Armv8-R AArch64 Extras Layer (meta-armv8r64-extras)

Zephyr Sample Applications

This Software Stack supports four Zephyr sample applications:

  • zephyr-helloworld

  • zephyr-synchronization

  • zephyr-philosophers

  • zephyr-rpmsg-demo (Zephyr part of RPMsg Demo)

Recipes for zephyr-helloworld, zephyr-synchronization and zephyr-philosophers are provided by meta-zephyr. Source code for these three sample applications are provided by Zephyr, with extra configuration provided for zephyr-philosophers by file meta-armv8r64-extras/dynamic-layers/zephyrcore/recipes-kernel/zephyr-kernel/zephyr-philosophers.bbappend. These three applications can work in both the baremetal stack and the Virtualization stack.

The zephyr-rpmsg-demo application works in the Virtualization stack only. It comes from the recipe meta-armv8r64-extras/dynamic-layers/virtualization-layer/recipes-kernel/zephyr-kernel/ This application works as a RPMsg host (rpmsg-host) in the Zephyr domain, and co-works with the RPMsg remote application (rpmsg-remote) running in the Linux domain to implement the Inter-VM communication through the RPMsg protocol. Recipe for the rpmsg-remote application is provided by meta-armv8r64-extras/dynamic-layers/virtualization-layer/recipes-demo/rpmsg-demo/, which along with is provided by this Software Stack. The source code is also provided by this Software Stack and can be found in directory components/apps/rpmsg-demo. For more details, see RPMsg Demo under Demo Applications.

Running Zephyr applications is supported by the runfvp script from meta-arm. Section Build and Run has examples that uses this script.

Virtualization Stack

The Virtualization stack uses Xen as the Type-1 hypervisor to boot one or more domains independently. The meta-virtualization layer is used to provide Xen build support.

The Xen MPU implementation only supports “dom0less” mode (for more details see the Hypervisor (Xen) section), so the meta-armv8r64-extras layer provides logic to build the required dom0less artifacts, which are shown in the diagram below. For more information on how U-Boot detects and uses these artifacts at runtime, see the U-Boot Boot Sequence.

Arm v8r64 Xen stack

Domain Configuration

The default domain configuration is provided in a bbclass. For more information, see Customizing the Xen Domains.

Xen Configuration

Xen is configured through the .bb and .bbappend files in directory meta-armv8r64-extras/dynamic-layers/virtualization-layer/recipes-extended/xen, which define the branch and revision to build for the fvp-baser-aemv8r64 machine and also includes a machine-specific config file.

Linux Image Configuration

In projects based on OE-core, the Linux image recipe is responsible for creating the disk image, including the root filesystem partition. The boot partition, which is part of the same disk image, is populated by extending IMAGE_CLASSES (see Image Generation below).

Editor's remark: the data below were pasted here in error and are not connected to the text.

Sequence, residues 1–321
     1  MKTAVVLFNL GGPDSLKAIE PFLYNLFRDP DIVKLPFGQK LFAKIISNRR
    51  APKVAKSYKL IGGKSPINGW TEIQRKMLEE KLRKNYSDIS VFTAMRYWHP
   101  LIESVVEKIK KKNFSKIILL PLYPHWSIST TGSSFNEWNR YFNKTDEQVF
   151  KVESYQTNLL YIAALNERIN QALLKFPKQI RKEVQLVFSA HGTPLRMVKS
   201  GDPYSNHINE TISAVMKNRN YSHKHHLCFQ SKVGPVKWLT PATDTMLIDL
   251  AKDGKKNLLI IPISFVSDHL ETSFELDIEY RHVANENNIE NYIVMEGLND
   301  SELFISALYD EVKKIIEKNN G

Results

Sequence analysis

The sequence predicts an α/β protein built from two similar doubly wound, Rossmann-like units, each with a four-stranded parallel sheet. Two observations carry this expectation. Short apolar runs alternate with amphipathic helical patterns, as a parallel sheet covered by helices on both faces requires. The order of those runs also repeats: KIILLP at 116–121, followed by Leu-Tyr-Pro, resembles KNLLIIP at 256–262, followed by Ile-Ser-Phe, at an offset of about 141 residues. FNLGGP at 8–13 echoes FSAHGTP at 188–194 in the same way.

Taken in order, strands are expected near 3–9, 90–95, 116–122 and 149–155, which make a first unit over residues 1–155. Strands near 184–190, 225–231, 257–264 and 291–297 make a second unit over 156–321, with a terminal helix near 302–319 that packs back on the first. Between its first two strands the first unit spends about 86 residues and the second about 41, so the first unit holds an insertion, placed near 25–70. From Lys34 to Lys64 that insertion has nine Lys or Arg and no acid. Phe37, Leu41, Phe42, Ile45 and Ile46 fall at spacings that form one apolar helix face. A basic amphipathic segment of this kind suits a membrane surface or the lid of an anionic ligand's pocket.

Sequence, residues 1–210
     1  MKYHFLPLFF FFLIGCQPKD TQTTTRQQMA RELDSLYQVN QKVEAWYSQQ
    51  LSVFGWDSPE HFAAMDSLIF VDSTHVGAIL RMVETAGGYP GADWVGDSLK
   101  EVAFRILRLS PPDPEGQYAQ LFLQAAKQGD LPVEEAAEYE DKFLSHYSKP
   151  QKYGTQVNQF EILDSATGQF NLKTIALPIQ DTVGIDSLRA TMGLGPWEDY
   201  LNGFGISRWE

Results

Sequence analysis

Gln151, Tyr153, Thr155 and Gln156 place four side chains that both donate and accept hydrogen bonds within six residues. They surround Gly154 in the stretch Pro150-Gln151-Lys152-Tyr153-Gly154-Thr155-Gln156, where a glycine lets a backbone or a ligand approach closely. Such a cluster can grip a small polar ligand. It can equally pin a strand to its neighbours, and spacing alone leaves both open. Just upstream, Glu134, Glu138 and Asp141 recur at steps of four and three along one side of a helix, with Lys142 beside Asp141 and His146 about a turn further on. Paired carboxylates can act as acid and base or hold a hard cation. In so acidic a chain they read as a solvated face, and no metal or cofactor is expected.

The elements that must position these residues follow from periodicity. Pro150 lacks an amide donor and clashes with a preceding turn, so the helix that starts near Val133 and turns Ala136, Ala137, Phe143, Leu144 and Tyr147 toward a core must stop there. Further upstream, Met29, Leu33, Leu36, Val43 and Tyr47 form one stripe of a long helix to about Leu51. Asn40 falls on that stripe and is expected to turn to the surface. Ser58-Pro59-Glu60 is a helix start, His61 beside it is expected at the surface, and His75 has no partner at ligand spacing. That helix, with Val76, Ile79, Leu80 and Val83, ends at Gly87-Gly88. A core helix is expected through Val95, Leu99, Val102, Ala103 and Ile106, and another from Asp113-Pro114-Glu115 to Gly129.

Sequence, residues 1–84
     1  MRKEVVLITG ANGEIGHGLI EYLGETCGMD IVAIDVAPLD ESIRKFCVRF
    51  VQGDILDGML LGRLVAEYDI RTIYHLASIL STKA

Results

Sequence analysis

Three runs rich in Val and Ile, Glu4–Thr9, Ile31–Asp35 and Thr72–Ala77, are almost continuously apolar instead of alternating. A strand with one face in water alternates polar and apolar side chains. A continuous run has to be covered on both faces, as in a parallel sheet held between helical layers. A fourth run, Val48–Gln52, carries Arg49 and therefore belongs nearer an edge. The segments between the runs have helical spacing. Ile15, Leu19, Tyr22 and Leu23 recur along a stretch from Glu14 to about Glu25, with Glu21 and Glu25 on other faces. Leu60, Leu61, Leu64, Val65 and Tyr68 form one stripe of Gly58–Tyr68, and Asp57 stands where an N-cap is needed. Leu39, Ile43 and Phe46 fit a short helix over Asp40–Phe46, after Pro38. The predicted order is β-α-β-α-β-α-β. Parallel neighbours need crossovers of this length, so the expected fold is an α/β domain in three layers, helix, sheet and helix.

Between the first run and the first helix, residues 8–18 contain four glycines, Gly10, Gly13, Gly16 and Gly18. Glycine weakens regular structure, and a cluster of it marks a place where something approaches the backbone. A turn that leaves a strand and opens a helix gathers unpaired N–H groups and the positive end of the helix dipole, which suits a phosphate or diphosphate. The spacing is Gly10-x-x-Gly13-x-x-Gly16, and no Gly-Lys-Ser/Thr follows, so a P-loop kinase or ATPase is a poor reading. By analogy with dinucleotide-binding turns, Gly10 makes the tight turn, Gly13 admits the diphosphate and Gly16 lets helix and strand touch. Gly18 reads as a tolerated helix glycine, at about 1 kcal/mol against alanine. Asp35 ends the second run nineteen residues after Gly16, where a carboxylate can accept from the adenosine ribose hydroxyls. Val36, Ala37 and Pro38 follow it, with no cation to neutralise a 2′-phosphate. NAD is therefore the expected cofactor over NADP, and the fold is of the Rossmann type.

No changes are made to the Linux kernel for the Virtualization use case.

Zephyr Application Configuration

Zephyr requires some specific configuration when running as a Xen domain on the fvp-baser-aemv8r64 machine. It is necessary to match the number of CPUs allocated, the DRAM address and the selected UART with the equivalent parameters in the domain configuration. This is achieved using Xen-specific overlay files (see Customizing the Zephyr Configuration).

Device Tree Generation

Xen domains in dom0less mode are configured using additions to the /chosen node in the device tree. To avoid modifying the firmware’s device tree for the Virtualization stack we instead dynamically generate a device tree overlay file which can be applied at runtime by U-Boot. Additionally, in order for Xen to access peripherals in dom0less mode, we must specify which peripherals to “pass through” to each domain using a domain-specific passthrough dtb file (see for more details).

All these device trees are created from templates, substituting placeholders with values defined in the domain configuration. The passthrough device tree template to use for each domain is selected in the domain configuration.

U-Boot Script Generation

The boot script is partially dynamically generated in order to load the configured domain binaries and passthrough device trees to the configured memory addresses prior to booting Xen.

Image Generation

The boot partition needs to be populated with the artifacts necessary to boot Xen and its domains so they can be loaded by U-Boot. This is achieved using a custom Wic image and a custom bbclass (xen_image_dom0less). This class can be added to IMAGE_CLASSES so that the desired Linux image recipe (e.g. core-image-minimal) includes the necessary configuration to populate the boot partition.